by The Masked Bookwyrm


For other Catwoman appearances, see:
The Batman section (specifically Contagion, Gotham Noir, Hush, The Last Angel, The Long Halloween, Prey, Terror, Whatever Happened to the Caped Crusader, Year One, The Greatest Batman Stories Ever Told...and others)

For a list of other graphic novel reviews, click here

Catwoman published by DC Comics

Catwoman Defiant - cover by Brian StelfreezeCatwoman Defiant 1992 (SC GN) 48 pgs.
a.k.a. Batman: Catwoman Defiant

Written by Peter Milligan. Pencils by Tom Grindberg. Inks by Dick Giordano.
Colours: Steve Oliff. Letters; John Constanza. Editor: Denny O'Neil.

Number of readings: 1

Rating: * * * * (out of five)

One of a number of prestige format one-shots DC Comics releases to cash in on various Batman motion pictures by spotlighting the villains who had appeared in the movie (this was released atthe time of the movie "Batman Returns" and simultaneously with the unconnected graphic novel Penguin Triumphant).

Catwoman Defiant has Batman's sometimes foe, sometimes friend, Catwoman being pursued by hoods working for a demented Gotham gangster named Mr. Handsome. Handsome likes to collect beautiful things...then destroy them. Batman persuades Catwoman to help him stage a trap, but things go awry and Catwoman is captured for real.

Catwoman Defiant is a nice, well-paced little action-thriller. Batman is featured as less than a co-star, but in more than a cameo, making this principally a Catwoman story.

Milligan scripts well, mixing humour, mood, action, and even some deeper emotion. He even throws in a couple of unexpected turns that manage to keep the story energized, including a twist ending. Plot elements which I won't comment on here. After all, I enjoyed the story partly because I didn't expect them.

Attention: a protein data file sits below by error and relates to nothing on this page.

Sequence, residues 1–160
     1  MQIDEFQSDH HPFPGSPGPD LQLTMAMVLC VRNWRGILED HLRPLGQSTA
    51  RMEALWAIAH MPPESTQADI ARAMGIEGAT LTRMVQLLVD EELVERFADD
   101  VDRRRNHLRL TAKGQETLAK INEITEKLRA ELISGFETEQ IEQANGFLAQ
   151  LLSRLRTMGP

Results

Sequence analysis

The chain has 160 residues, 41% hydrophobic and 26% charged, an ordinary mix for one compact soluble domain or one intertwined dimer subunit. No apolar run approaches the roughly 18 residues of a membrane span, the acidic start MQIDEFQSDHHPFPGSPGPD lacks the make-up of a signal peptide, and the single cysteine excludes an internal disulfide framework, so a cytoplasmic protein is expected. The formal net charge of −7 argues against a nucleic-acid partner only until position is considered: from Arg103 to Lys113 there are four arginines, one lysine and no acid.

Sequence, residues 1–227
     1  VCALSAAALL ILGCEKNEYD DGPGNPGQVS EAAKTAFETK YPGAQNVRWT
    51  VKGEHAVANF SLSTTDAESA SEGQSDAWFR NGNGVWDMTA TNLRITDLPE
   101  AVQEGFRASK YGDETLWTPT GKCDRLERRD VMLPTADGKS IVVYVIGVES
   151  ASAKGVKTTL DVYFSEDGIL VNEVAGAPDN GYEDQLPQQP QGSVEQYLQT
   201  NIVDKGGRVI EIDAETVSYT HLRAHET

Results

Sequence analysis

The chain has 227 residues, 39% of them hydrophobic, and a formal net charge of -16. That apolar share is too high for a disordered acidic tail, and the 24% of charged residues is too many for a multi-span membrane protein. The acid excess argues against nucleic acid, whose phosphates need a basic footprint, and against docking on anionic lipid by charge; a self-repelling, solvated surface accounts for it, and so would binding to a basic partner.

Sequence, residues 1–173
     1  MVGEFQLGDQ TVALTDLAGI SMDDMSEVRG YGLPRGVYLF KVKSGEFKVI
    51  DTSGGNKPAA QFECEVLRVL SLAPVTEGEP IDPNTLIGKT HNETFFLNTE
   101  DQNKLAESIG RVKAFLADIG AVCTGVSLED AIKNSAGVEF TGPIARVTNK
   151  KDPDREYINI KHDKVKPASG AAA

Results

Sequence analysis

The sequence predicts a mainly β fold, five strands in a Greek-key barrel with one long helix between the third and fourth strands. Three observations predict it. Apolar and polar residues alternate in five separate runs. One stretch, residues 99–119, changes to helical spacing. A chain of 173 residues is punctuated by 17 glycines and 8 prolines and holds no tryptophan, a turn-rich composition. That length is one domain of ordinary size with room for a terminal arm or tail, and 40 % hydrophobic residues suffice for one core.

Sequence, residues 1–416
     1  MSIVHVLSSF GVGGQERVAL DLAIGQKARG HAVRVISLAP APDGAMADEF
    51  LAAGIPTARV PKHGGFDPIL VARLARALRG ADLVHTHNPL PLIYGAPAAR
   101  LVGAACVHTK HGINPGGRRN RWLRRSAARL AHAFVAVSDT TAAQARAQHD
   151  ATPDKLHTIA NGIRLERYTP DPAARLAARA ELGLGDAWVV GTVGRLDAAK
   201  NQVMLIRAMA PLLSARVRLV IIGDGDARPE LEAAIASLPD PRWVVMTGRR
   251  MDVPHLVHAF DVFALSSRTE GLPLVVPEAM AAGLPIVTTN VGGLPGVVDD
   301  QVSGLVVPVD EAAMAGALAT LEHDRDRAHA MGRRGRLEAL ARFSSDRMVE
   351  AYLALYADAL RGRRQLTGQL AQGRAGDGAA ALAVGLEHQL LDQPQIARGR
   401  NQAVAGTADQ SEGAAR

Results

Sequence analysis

The Grindberg and Giordano art team is pretty effective. Grindberg started out as something of a Neal Adams imitator, and by this point Giordano was starting to employ a heavier brush style echoing Klaus Janson a little, meaning that you could almost -- but only almost -- imagine the art being "what if Adams had been inked by Janson". Grindberg's style is a little loose anatomically in spots, but is overall effective. The chief weakness is that Handsome and his gang wear realistic masks -- so realistic, in fact, that I didn't realize they were supposed to be masks until long into the story (I just attributed the characters' stiff expressions to a weakness with Grindberg's art).

Steve Oliff's colours add enormously to the mood. Heavy on the greys and browns, they lend an eerie ambience to the thing, both complementing the darker scenes, but also providing a nice counterpoint to the lighter banter as well.

Though this isn't a "mature readers" comic, there's definitely a salacious, kinky undercurrent, with Catwoman drawn in various coquettish poses, and the whole premise being one emphasizing her as a beautiful object, and a lady-in-peril.

However there's a scene where Catwoman suggests to Batman that he could beat some information out of a thug (Alfred later echoes the sentiment). Batman doesn't object to the concept, merely its practicality in this particular instance. Later, he employs a kind of psychological torture to elicit some information.